Long before internet blogs and Facebook, aficionados of the occult in Japan were reading Mu magazine. A monthly founded by Gakushu Kenkyusha (usually abbreviated as Gakken), a 70-year-old producer of educational materials, Mu, whose monthly circulation is around 57,033, delves into various aspects of science, pseudoscience and off-the-wall nuttiness.
Its most recent issue takes up such topics as: An "Illuminati card" that predicted the assault on the U.S. Capitol; in China, a bottle, found embedded in lava estimated to be several million years old; a UFO with a peculiar W-shape, spotted over Shikoku; and the skull of a non-human hominoid unearthed in Niigata Prefecture.
And there's more, like the mystery of the kumamushi, believed to be the planet's oldest living creature; the remains of a huge creature found buried in the seabed of Persian Gulf; and a stone tablet that appears to have been left behind by aliens at an ancient Aztec site.
Mu was almost certainly inspired by the popularity of works by Swiss author Erich von Daniken, whose various books about ancient aliens -- starting from "Chariots of the Gods" in 1969 -- have been widely translated and sold over 70 million copies. Those books in turn are said to have been inspired by the Cthulhu mythos created in the 1920s by American pulp fiction author H. P. Lovecraft.
Weekly Playboy (March 1) sat down for an interview with Takeharu Mikami, the current editor of Mu.
"Our magazine looks at the Freemasons and Illuminati, which have been involved in wars and revolutions over a period of several centuries on a large scale," Mikami says. "More than conspiracy theories, we take the historical view that these events involved manipulation of history."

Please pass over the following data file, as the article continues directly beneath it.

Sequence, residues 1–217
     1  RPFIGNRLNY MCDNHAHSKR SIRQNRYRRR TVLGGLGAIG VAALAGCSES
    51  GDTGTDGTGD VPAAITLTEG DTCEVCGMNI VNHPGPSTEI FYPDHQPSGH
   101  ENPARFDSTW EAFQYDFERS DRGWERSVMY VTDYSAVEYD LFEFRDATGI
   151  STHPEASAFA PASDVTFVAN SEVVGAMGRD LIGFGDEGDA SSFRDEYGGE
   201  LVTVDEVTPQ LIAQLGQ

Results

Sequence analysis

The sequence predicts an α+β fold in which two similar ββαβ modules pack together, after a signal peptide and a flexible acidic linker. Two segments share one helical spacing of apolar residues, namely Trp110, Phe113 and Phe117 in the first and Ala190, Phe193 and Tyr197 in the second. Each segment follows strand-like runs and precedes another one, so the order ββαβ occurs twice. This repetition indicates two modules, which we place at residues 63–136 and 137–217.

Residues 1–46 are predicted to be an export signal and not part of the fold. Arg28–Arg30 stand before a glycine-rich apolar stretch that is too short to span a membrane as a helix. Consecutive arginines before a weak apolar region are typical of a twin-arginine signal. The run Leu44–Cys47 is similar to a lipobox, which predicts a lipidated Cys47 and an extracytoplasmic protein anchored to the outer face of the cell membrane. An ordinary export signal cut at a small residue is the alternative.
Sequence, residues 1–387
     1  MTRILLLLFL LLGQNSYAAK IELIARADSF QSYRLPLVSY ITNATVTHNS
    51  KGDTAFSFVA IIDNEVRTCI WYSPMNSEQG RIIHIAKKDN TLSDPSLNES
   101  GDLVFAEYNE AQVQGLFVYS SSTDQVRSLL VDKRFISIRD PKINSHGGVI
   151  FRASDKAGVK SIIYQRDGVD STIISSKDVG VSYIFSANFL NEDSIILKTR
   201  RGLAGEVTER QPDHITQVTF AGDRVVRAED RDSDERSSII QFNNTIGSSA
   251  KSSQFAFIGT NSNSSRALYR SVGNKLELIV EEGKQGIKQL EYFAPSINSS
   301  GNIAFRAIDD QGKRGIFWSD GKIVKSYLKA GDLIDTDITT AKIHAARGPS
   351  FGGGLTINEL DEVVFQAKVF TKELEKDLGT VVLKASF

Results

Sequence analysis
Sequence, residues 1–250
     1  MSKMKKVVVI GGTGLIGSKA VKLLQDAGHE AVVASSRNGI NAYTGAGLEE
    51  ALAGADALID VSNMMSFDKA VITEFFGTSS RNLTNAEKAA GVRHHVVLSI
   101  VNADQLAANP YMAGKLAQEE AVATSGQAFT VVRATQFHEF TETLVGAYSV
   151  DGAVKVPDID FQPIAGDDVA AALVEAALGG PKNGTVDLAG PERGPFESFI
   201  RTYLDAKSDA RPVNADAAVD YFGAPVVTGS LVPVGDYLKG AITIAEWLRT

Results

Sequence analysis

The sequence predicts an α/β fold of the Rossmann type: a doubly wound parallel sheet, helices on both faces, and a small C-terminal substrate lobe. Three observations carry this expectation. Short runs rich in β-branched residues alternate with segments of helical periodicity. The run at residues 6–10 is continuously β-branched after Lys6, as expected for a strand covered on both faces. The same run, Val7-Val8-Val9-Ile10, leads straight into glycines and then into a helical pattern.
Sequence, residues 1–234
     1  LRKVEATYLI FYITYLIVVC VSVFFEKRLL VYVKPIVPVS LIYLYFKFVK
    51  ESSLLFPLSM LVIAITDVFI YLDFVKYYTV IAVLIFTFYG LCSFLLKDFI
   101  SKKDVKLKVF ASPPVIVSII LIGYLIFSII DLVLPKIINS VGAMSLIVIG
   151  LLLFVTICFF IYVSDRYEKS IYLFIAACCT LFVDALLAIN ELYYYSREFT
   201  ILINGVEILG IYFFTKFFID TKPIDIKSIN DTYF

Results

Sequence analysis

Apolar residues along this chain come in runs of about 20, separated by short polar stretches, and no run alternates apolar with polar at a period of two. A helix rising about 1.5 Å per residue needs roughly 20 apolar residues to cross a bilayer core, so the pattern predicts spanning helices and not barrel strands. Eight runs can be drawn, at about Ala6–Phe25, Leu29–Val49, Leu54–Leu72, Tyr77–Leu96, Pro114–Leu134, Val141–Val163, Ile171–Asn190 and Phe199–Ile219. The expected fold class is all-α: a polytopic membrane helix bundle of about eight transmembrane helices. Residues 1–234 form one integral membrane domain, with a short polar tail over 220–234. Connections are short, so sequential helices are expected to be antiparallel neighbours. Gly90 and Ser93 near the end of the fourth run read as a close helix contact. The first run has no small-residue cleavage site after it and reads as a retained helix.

Such manipulation, according to Mikami, is ongoing even now.
"For example, QAnon claims that lots of children in America have gone missing, and votes were manipulated in the presidential election," he says. "These emanate entirely from an American perspective. Likewise, many QAnon believers maintain that a conspiracy exists in which the 'deep state' secretly manipulates the country. This may tie in with the death of Jeffrey Epstein, who mysteriously died in jail after being arrested on charges of arranging for sex with underage girls."
But Mikami agrees that editorial policy has got to draw the line somewhere.
"Up to now, our magazine has not taken up such subjects such as 'reptilian extraterrestrials are controlling governments,'" he points out.
Conspiracy theories are largely fueled by major historical events, and Mikami feels that conspiracies lacking in aspects of history eventually run out fuel and crash.
"Why do you think people are fascinated by these conspiracies?" Weekly Playboy's reporter asks. "QAnon has even managed to attract believers in Japan. What is it about them that they find so appealing?"
"The only way to discourage people from being drawn in is to boost their 'conspiracy theory literacy,' by regularly reading our magazine," he asserts. "Since its founding in 1979, our magazine introduced conspiracy theories to readers. This topic became widespread from the 1990s. That was when overseas TV dramas like the 'X-Files' and others related to UFOs began to be aired. These programs have been diminishing due to enforcement of compliance codes, but people's 'conspiracy literacy' has also declined.
"And with the emergence of the internet, QAnon and similar conspiracies have flourished. Their believers flocked to (former) President Donald Trump, who proclaimed he was battling against the 'deep state.'
"Actually," Mikami continues, "our readers have been requesting, 'Why don't you take up this or that topic?' So we've decided our April issue (which goes on sale from March) will carry a special report about QAnon. At this point we haven't decided what will be in it yet," he chuckles. "But one thing I can assure you is we'll keep striving to boost readers' literacy toward conspiracy theories!"© Japan Today